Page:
There is definitely an intense amount of interest in environmentally friendly energy generation, going by the interest in my recent blogs on this topic. My first blog on NRGLab and its Role in Alternate-Energy Generation has seen over a thousand Facebook shares to date, while the follow-up piece on Generating Electricity from Ambient Temperature Differences has been shared over 200 times since it was published last Friday.
As such, I thought it’ll be interesting to highlight a short list of practical applications for the SH box.
Strategic energy source
Poly crystals can be used as a strategic energy buffer against supply disruption that threatens the generation of power. In Singapore, the bulk of energy production is generated using natural gas and fuel oil, with has been diversified with sources such as clean coal in the Tembusu multi-utilities complex that opened earlier this year. Poly crystals can diversify the mix further, but at the cost of zero carbon dioxide emissions. Indeed, the non-polluting nature of the SH box means they can be deployed in a distributed fashion at power substations, eliminating unavoidable electrical losses when using step-up and step-down voltage transformers.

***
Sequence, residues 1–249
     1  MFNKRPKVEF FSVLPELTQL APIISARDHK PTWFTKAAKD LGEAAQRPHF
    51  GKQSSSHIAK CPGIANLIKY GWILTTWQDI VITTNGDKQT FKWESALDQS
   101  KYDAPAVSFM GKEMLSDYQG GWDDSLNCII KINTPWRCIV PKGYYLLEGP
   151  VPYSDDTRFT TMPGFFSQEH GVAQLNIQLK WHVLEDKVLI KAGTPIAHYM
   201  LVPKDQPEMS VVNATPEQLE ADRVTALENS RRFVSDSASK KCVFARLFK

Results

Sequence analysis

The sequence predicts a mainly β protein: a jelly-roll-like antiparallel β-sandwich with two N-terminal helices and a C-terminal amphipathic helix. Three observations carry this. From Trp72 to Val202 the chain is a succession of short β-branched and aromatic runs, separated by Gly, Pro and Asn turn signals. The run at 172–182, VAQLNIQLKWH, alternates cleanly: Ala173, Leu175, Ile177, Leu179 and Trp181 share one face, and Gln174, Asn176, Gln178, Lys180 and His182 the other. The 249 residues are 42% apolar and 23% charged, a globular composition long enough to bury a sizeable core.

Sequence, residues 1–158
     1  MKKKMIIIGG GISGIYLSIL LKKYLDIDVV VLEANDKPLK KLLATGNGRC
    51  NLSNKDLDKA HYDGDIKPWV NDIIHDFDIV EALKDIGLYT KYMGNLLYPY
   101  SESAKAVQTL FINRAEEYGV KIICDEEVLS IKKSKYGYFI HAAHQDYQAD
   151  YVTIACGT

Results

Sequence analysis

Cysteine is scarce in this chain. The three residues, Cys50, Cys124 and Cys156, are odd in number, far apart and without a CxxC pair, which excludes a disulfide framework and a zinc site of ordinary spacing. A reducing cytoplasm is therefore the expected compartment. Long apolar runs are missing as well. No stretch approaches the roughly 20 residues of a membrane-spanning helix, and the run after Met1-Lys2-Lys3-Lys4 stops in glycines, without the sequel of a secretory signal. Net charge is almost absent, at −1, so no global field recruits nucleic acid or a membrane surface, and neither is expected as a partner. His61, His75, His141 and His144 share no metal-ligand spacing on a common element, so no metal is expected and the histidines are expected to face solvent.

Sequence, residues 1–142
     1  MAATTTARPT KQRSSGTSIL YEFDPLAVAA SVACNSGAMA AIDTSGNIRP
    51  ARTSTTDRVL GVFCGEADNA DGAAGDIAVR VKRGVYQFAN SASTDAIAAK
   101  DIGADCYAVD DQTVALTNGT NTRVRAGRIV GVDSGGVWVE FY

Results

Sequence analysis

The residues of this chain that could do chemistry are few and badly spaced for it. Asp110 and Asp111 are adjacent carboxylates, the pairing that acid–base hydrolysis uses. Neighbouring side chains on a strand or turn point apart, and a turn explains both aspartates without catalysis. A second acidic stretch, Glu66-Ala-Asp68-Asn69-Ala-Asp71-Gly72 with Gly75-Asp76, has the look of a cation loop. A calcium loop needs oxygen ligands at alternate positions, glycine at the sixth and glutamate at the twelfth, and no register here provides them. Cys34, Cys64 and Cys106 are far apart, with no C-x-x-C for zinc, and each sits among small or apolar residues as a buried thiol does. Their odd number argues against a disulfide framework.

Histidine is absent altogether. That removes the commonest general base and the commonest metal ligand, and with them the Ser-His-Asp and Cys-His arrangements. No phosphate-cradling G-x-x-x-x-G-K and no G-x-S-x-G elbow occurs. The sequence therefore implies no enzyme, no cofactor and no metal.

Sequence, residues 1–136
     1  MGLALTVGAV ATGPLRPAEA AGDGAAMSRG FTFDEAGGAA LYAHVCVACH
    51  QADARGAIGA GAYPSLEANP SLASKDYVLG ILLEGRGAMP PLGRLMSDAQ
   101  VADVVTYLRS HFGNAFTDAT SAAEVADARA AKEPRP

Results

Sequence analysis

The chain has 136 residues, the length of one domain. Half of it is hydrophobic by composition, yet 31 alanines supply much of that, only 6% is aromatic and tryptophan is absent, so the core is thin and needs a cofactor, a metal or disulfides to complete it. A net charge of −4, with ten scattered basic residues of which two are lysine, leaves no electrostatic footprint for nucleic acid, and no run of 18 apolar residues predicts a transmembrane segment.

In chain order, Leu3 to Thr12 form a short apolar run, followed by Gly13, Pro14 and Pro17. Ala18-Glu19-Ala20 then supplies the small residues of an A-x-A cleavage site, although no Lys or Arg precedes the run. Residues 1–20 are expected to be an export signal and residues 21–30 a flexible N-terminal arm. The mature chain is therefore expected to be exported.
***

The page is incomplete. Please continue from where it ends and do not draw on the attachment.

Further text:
Use in Homes
Another intriguing use of the poly crystal would be to deploy the SH boxes in homes or small business establishments. This could be implemented relatively easily by rewiring electrical mains to an SH box and an inverter (To convert the DC output to AC). A bypass circuit can always be installed to switch the power input back to the mains should the SH box fail; of course, the SH box is guaranteed for up to 20 years.
… and Businesses
Businesses or facilities that consume large amounts of power could also leverage on poly crystals to supplement their power needs. Especially in energy guzzling data centres or server rooms, SH boxes can be used to supplement traditional UPS (Uninterruptible Power Supply) to substantially increase their runtime. In case you weren’t aware, Singapore has the highest data centres capacity of any country in the entire South East Asia region.
Integration into Appliances
While wiring up a SH box into a household is a good way to achieve zero CO2 production, another way to more gradually introduce the technology would be for manufacturers to integrate poly crystals into the two most power hungry appliances in the household: the air-conditioning unit and the refrigerator. There is no need to cut their output to zero either; even halving their power consumption will result in tangible savings for consumers.
Fancy a laptop or smartphone that never need to be recharged? This may be a distant possibility, if NRGLab is able to further increase the power efficiency the poly crystals. As noted previously, poly crystal weighing around 80 kg is capable of producing 1KW/h of power, though microprocessors that consume lesser power would help too. Indeed, it may not be too long before external adapters packed with poly crystals can be used to recharge a low-powered ultraportable laptop.
Do you have any ideas on how the SH box may be deployed? Feel free to chip in with your thoughts in the comments section below. My next blog later this week will shed more light on the content of the SH box and how the poly crystal works. Stay tuned!